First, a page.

Guest Author - Joe Mancini
July 1 is upon us and with it the MLB is officially at mid-season; trends have developed, contenders have emerged, and pretenders will soon be relegated to also-ran status.
Traditionally, Independence Day and the All-Star Game which soon follows are times when the prospective winners are noted. It’s not always a done deal, but it is a useful signpost.
Earlier I noted that 2010 was being distinguished as a year when pitching was once again dominant, and also noted some of the young hurlers who were establishing themselves on the scene. Nothing has happened to change my mind about that. On June 25th we witnessed the fourth no-hitter of the season as the Arizona Diamondbacks’ Edwin Jackson tossed a 149-pitch, eight-walk, six-strikeout no-no at the Tampa Bay Rays. It’s the first time since 1991 there have been four or more gems tossed as complete games. Is it a coincidence that 1991 is also before the Performance-Enhancing Drug Era truly began?
In fact, what we may be witnessing is a return to “normal”. MLB and baseball in general still have to contend with the roughly 10-year period (1995-2004) when steroids and Human Growth Hormone compounds, the infamous “the cream” and “the clear” detailed in Mark Fainaru-Wada and Lance Williams’ “Game of Shadows” created such disproportion and dishonesty in the game. As in past eras, power-hitting and offense in general is once again at a premium; no more banjo hitters swatting 20+ homers.
We may recall during the late 1990’s as power numbers rose there was much speculation on how the new ballparks coming on line were hitter-friendly “bandboxes” and how the baseball itself was “juiced”. Coming off the disastrous Lockout of 1994, MLB owners, agents and players turned a blind eye to the seemingly rampant drug abuse as the need to rebuild fan interest, trust and loyalty became the paramount objective. After the 1919 Black Sox Scandal MLB turned to the “rabbit ball” and banned “the spitter” in order to regain primacy in a much simpler age, and they were blessed to have Babe Ruth as a phenomenon who captivated the nation. In the late 90’s it was the McGwire-Sosa Home Run Chase of 1998 that brought the fans back.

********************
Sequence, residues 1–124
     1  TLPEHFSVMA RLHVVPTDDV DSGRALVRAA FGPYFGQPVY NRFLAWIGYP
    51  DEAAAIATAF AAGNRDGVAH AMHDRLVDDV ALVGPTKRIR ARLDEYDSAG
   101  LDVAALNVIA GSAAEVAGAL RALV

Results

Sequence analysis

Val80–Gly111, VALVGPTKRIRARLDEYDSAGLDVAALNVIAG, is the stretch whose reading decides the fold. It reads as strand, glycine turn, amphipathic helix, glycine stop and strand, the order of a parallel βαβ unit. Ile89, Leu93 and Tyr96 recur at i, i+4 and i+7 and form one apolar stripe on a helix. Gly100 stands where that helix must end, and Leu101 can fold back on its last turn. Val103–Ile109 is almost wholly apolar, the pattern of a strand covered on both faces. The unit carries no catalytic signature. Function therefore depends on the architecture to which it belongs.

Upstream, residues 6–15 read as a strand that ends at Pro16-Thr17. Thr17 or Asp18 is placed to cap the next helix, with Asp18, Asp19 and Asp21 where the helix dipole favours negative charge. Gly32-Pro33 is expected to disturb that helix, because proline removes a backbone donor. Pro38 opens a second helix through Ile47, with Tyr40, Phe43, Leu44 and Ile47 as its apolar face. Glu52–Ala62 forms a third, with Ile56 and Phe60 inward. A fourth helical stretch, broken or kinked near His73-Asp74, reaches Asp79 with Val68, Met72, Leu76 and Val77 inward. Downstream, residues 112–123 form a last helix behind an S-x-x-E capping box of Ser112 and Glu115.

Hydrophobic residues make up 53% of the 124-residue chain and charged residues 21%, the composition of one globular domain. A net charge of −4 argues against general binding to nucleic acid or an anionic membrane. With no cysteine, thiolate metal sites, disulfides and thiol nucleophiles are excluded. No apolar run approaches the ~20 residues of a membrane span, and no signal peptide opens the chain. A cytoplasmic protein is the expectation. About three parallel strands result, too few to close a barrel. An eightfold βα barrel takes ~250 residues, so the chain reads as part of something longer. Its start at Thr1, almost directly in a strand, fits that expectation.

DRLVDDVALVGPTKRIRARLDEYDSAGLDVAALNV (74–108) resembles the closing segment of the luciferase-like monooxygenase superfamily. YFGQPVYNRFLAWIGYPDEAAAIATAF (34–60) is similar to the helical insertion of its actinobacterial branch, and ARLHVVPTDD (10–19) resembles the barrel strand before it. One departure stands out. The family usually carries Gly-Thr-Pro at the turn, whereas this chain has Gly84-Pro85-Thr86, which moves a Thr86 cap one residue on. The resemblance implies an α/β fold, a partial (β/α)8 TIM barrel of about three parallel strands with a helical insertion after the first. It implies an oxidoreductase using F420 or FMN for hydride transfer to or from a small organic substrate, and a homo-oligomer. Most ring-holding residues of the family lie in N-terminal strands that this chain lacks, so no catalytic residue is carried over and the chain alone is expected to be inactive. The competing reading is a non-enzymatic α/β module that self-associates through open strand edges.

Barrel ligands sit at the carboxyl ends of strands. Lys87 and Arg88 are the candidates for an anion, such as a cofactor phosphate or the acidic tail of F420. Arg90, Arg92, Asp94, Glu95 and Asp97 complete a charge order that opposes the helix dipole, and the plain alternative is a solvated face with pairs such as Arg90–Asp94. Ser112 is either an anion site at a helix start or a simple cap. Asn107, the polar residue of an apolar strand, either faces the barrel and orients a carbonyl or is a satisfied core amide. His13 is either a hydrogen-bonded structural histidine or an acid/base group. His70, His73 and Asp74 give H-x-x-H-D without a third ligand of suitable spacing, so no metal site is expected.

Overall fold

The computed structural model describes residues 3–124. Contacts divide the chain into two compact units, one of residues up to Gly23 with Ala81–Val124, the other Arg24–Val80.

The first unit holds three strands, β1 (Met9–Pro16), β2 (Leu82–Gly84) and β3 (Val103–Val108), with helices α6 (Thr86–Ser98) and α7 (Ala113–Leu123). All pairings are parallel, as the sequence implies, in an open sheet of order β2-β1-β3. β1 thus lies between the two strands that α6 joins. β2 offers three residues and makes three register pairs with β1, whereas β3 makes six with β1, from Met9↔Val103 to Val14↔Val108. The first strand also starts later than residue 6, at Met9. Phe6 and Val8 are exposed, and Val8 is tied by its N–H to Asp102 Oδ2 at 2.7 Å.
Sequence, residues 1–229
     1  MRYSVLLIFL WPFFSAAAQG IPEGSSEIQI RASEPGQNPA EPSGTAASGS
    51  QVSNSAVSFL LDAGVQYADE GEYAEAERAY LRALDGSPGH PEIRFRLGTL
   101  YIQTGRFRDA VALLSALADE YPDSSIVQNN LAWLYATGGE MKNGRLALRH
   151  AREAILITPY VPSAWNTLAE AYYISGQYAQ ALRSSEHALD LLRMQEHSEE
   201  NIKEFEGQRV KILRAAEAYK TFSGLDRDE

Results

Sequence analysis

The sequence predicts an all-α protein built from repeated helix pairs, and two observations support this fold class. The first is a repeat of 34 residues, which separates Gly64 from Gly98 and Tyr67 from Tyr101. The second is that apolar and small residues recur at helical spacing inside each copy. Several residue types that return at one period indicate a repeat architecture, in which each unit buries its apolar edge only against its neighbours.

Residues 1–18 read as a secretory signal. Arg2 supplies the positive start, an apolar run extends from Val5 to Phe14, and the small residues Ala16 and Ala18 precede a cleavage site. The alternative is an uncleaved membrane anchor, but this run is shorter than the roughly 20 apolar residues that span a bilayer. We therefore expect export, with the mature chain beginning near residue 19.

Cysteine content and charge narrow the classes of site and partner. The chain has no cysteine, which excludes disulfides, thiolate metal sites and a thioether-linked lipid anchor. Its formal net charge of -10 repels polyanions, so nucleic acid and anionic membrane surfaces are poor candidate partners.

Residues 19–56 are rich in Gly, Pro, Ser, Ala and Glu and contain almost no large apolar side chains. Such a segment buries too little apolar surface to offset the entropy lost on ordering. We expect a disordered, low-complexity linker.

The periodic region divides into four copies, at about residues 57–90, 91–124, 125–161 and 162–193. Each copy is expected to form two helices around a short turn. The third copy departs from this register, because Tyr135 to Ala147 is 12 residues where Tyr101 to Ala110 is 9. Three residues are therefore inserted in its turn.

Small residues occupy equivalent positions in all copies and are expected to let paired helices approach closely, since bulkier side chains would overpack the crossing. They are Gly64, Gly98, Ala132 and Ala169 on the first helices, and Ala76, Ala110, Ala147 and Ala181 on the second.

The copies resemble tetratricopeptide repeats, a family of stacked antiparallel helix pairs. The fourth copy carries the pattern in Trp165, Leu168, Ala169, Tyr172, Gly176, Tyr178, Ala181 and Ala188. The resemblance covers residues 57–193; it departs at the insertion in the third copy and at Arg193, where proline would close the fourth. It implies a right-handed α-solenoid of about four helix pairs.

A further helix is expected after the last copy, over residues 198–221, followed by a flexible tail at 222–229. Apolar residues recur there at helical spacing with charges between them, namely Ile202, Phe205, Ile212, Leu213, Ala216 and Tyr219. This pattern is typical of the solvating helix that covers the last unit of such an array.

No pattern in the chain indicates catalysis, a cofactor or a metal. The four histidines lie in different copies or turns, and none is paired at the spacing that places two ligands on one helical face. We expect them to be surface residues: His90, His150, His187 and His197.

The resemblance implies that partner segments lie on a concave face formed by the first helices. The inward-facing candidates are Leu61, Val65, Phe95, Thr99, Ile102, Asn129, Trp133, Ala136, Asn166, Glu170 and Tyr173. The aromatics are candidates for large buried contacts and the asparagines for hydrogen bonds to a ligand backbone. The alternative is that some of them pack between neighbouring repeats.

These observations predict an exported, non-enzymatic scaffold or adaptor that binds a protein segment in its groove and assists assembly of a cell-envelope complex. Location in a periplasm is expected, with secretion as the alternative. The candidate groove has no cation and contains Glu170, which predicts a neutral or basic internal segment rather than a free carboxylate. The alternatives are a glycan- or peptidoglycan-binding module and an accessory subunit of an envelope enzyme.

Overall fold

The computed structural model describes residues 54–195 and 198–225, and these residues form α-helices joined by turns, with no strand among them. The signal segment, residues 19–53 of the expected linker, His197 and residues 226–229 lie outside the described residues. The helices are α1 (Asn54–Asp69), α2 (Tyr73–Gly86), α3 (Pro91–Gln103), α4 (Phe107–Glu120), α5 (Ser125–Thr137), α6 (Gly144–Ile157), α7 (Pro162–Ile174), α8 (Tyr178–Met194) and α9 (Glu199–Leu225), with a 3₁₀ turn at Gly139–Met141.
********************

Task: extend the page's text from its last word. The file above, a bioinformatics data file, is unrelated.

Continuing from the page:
Legitimate power hitters are a treasure; as the well-known commercial proclaimed, “Chicks dig the long ball.” The real tragedy of the period is that truly gifted hitters like Mark McGwire and Barry Bonds felt they needed that extra “edge.” It is a mark of shame that will taint Alex Rodriguez’ achievement when he inevitably eclipses Bonds’ all-time home run record in the not-too-distant future.
While we note and are saddened by the miscreants, let’s shout out big-time for Ken Griffey Jr., truly one of the great power-hitters of all time. Ken’s retirement left him with 630 homers and if his body hadn’t betrayed him as he entered his 30’s, the record surely would have been his. He avoided the urge to sully his reputation and his records. When he enters Cooperstown on the first ballot in the summer of 2016, there will be no asterisk next to his name, only glory.